I grew up in the restaurant business where my Armenian parents owned a restaurant for thirty years in South Jersey. My mother was a talented cook and the grapevine in our backyard was more valued than any rosebush. I’d often come home from school to the delicious aromas of simmering grape leaves, stuffed peppers and tomatoes and shish kebab. Back then, lunch at school would be hummus and pita instead of peanut butter and jelly at a time when hummus wasn’t as popular as it is now. It wasn’t always fun as a teenager to have an eccentric, ethnic family, but I’ve grown to value my roots and my own colorful cast of family members.
When I wrote Hummus and Homicide, the first book in my Kebab Kitchen mystery series featuring Lucy Berberian, an Armenian, Lebanese, and Greek sleuth, I knew it was the right time. I had searched my local library and found some diversity in the darker genres of suspense and nonfiction, but not many lighter and beloved culinary cozy books. But who doesn’t love food?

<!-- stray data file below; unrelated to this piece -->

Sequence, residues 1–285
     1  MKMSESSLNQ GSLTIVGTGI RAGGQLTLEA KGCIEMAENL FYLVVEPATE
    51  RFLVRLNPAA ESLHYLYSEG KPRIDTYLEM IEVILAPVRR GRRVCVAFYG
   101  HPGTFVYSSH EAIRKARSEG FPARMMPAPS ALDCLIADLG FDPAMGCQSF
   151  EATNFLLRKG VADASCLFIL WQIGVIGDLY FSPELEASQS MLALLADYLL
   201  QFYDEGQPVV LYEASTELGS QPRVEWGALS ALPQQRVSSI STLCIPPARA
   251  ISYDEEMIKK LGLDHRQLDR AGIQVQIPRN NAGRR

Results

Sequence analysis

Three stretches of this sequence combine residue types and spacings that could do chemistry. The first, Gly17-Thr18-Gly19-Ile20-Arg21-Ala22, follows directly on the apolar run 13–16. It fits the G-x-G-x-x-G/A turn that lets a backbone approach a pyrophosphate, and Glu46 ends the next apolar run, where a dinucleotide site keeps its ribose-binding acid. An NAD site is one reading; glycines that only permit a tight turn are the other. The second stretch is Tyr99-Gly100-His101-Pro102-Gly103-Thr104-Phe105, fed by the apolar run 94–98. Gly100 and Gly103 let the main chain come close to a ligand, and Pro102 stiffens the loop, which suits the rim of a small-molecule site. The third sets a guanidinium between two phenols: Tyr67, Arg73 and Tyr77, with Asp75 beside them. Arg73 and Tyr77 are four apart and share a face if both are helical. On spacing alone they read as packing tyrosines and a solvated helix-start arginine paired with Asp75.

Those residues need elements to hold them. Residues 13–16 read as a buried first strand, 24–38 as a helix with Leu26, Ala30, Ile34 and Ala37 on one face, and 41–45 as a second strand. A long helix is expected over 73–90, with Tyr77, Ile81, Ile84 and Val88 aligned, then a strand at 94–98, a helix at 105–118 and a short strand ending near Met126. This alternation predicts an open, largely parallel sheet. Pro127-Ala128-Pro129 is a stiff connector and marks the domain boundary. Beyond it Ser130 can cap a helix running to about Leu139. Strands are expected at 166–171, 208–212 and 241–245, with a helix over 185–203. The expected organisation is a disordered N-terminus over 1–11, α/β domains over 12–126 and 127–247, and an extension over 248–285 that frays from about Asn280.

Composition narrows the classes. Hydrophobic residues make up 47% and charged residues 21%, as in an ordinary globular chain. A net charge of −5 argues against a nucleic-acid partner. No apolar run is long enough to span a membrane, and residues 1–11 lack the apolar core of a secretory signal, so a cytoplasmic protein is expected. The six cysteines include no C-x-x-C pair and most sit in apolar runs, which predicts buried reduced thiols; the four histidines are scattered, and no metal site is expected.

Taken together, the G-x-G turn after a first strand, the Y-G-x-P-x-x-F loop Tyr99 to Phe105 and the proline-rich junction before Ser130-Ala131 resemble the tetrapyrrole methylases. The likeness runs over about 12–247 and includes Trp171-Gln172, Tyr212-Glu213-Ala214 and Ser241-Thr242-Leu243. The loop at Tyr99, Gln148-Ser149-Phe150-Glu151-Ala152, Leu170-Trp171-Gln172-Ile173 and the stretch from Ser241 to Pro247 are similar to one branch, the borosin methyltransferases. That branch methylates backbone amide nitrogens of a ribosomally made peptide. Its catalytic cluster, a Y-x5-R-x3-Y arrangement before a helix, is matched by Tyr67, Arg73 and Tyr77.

As for the second book in the series, Stabbed in the Baklava, many enjoy this delectable dessert and I share my family baklava recipe in the book. One Feta in the Grave hits shelves on February 26, 2019, and includes recipes for Armenian date stuffed cookies, Lebanese lentil soup with kale, and Greek salad with feta cheese and kalamata olives.
Here are some of my favorite diverse culinary cozies: